Phoenix Dance

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Epperlein has created one of those rare poignant films that touches the very depths of the soul and dwells within.
—Darla Dixon, Hot Springs
Documentary Film Festival Coordinator

Flying High in “Phoenix Dance”
Jan. 6th, 2006

To many people in the dance world, Homer Avila symbolizes life and renewal. After losing his right leg and hip to a rare form of cancer, chondrosarcoma, Avila continued to dance until his death in 2004. Filmmaker Karina Epperlein captures his spirit and love for dancing in "Phoenix Dance," a 16-minute documentary featuring Avila, choreographer Alonzo King, and dancer Andrea Flores.

We first see Avila sitting on a dark stage. He begins a series of careful deliberate movements, lifting his body and gliding across the stage with such fluidity that it's nearly impossible to tell he's missing a limb. It's a bit of a shock in the next scene, then, to see him in a studio standing on his only leg. The film concentrates more on Avila rehearsing than performing. Epperlein's camera sits in the studio with Avila as he discovers different ways of moving both individually and with Flores. She learns to treat him as she would any other dance partner. By showing the way Avila works alone, with Flores, and with King, the film transcends Avila's story and speaks to the meaning of true artistry.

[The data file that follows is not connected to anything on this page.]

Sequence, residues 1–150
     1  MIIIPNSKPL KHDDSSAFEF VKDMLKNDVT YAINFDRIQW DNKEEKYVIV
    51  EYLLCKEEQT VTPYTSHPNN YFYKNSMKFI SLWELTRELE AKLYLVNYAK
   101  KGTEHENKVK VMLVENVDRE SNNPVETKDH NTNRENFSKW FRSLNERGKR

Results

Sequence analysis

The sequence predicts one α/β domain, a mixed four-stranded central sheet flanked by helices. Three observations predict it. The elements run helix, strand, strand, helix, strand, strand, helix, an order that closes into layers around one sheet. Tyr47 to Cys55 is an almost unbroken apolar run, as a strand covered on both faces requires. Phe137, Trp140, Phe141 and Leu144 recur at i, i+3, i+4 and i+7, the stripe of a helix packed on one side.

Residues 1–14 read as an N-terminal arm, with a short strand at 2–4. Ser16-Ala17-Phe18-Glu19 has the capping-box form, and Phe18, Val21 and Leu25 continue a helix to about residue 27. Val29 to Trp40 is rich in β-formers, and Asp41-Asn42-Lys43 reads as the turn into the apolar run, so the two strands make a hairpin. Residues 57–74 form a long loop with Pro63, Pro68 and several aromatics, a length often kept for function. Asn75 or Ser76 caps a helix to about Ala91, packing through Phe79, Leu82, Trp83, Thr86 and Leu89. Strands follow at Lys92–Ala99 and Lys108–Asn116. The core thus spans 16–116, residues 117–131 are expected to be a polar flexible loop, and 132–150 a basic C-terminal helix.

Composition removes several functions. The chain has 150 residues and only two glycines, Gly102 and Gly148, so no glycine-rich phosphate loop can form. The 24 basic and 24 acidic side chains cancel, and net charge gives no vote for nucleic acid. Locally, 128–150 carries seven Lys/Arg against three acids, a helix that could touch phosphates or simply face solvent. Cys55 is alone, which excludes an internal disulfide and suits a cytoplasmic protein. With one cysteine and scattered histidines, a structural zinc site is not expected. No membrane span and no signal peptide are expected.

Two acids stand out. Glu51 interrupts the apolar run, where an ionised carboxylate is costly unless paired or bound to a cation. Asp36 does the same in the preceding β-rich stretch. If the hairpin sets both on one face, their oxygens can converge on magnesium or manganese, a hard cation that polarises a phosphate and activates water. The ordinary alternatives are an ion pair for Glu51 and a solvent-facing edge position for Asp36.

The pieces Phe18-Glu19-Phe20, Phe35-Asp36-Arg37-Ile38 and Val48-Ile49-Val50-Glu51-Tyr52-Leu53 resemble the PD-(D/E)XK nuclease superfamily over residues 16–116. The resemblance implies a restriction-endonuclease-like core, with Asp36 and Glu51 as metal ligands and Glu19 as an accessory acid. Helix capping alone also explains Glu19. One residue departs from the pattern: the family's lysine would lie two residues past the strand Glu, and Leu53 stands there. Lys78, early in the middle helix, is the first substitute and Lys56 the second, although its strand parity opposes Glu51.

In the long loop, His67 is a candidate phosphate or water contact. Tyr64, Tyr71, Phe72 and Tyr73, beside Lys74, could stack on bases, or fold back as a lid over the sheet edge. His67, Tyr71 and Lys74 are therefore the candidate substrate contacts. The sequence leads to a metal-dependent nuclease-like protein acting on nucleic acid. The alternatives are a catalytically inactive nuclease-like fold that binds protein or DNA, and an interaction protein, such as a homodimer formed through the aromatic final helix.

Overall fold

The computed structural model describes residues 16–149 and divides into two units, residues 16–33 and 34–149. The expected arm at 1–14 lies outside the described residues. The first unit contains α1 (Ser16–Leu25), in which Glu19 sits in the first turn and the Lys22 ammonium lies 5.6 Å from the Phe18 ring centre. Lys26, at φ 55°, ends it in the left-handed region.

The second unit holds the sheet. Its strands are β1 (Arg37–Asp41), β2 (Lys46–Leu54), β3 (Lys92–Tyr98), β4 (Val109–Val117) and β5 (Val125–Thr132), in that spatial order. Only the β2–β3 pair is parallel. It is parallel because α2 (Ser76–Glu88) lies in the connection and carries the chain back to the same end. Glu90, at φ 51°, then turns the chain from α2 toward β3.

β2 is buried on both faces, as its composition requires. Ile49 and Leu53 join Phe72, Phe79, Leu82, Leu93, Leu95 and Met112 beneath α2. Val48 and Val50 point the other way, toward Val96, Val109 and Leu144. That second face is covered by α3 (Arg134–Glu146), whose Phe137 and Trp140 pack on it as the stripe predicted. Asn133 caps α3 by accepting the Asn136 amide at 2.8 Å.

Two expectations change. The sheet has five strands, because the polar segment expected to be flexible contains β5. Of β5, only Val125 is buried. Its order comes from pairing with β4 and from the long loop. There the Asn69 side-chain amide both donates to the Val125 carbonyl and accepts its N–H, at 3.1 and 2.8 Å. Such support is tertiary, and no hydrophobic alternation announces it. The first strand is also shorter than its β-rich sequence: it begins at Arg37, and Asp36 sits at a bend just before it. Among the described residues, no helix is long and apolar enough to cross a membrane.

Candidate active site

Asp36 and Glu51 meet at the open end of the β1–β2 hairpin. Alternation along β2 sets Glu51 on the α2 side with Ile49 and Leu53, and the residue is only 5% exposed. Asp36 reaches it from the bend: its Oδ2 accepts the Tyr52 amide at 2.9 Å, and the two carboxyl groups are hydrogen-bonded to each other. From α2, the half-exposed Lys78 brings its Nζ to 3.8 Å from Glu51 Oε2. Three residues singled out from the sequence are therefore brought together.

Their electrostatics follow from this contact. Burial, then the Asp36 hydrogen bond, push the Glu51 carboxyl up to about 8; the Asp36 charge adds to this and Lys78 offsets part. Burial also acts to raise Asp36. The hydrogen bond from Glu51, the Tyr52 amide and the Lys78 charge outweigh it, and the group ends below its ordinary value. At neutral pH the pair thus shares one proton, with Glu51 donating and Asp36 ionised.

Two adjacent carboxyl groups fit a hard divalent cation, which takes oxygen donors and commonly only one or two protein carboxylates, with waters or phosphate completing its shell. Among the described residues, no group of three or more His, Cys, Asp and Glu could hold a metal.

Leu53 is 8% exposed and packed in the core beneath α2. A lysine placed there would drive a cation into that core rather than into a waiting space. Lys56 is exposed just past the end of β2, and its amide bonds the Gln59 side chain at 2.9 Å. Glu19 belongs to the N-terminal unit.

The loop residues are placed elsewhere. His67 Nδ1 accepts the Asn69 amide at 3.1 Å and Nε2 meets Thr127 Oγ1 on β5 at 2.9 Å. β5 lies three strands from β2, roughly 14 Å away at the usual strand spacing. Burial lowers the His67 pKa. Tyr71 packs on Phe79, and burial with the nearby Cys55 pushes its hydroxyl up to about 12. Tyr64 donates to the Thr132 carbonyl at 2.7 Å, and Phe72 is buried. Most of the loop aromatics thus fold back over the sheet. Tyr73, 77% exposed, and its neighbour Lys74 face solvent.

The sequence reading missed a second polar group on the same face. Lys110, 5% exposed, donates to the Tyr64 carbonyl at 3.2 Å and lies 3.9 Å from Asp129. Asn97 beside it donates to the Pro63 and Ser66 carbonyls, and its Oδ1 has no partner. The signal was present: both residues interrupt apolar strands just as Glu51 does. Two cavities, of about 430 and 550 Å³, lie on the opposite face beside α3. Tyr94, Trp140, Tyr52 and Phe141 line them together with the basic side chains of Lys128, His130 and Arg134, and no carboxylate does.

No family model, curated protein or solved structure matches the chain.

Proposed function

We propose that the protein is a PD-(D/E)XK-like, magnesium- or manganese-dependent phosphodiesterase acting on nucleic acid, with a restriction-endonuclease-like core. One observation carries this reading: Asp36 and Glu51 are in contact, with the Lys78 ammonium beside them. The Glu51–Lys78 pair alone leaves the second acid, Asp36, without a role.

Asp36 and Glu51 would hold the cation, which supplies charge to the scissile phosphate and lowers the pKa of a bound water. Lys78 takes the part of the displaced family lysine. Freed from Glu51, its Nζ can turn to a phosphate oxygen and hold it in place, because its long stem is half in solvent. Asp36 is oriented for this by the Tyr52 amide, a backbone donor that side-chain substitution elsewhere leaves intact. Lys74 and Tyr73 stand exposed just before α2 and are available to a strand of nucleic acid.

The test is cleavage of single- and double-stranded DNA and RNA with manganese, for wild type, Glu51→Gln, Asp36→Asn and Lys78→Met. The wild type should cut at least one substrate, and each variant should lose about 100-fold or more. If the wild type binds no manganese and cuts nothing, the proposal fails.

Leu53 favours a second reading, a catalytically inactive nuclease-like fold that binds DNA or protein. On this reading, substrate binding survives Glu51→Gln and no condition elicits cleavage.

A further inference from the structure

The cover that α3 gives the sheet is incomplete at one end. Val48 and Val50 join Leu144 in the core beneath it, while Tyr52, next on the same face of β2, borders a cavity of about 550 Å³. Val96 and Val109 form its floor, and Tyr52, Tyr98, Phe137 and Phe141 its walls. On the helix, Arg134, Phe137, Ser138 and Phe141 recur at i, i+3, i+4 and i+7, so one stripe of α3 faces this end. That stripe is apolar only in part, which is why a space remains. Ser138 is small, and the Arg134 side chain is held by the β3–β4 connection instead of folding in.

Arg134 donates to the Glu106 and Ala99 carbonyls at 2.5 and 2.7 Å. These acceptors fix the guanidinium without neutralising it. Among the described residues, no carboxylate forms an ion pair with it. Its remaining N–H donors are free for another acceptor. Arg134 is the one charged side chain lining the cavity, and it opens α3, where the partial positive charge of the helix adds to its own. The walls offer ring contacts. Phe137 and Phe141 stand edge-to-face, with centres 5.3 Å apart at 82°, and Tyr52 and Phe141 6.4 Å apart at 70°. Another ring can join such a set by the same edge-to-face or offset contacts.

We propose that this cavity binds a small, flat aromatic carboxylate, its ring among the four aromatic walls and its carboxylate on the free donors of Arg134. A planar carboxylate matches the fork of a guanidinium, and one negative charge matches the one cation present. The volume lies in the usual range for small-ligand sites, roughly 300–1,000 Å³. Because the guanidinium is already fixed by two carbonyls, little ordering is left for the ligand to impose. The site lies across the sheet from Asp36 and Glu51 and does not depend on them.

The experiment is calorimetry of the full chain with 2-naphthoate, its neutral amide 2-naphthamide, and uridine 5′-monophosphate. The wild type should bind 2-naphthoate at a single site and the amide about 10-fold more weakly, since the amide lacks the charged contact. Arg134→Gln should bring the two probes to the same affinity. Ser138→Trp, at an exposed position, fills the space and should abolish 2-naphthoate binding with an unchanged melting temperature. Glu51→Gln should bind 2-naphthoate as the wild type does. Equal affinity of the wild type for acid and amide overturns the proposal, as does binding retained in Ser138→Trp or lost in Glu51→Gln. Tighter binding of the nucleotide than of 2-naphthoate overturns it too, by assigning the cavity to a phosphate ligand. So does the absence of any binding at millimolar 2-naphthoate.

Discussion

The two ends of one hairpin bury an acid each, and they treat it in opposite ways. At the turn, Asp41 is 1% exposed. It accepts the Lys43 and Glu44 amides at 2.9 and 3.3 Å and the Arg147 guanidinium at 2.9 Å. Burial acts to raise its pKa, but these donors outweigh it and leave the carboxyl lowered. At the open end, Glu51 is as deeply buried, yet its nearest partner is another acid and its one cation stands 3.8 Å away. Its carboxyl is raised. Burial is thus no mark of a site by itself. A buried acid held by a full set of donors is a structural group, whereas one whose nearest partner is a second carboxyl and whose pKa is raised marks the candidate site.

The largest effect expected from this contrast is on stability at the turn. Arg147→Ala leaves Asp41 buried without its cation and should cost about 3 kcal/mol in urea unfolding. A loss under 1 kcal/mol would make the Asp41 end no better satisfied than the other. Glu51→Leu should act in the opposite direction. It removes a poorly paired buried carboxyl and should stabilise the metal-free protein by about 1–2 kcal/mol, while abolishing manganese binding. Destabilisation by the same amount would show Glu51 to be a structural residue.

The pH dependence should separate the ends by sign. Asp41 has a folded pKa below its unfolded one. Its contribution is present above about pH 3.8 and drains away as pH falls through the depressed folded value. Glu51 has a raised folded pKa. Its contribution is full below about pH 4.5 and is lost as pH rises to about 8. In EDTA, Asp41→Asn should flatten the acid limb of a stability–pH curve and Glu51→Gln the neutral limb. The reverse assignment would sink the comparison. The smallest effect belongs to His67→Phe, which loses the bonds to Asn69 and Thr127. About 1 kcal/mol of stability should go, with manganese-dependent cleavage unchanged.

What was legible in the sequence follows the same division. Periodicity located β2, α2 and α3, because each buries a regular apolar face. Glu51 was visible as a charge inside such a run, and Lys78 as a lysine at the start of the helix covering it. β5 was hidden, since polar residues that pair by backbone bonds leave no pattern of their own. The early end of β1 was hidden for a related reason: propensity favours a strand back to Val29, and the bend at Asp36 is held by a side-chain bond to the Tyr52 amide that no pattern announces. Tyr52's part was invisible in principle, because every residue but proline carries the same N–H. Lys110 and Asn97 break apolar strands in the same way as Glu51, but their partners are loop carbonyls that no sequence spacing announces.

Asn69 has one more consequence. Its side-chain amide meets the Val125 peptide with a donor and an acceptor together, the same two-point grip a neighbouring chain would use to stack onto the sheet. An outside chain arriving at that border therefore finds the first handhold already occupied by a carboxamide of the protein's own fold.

Though Epperlein includes a short clip of Avila rehearsing before his amputation, she avoids making him the subject of pity. "Phoenix Dance" is not a lamentation or a ploy to evoke sympathy from the audience. Instead, we see Avila continuing to work with his body; the amputation becomes just another stage in his development as a dancer.

In the opening moments of Karina Epperlein's 22-minute documentary Phoenix Dance, the late Homer Avila dances alone on a dark stage. He moves with such fluidity and power that your eyes can be tricked into thinking he is dancing with three legs rather than with just one. The short film—up for Oscar consideration this year—chronicles the making of Alonzo King's Pas, a pas de deux choreographed for Avila and Andrea Flores in 2003, one year after Avila lost his right leg to cancer (see cover story, Jan. 2002). Unsentimental and deeply moving, Phoenix Dance reveals Avila's unwavering strength, as well as his tender and playful nature, in the face of reinventing himself as a "one-legged" artist.

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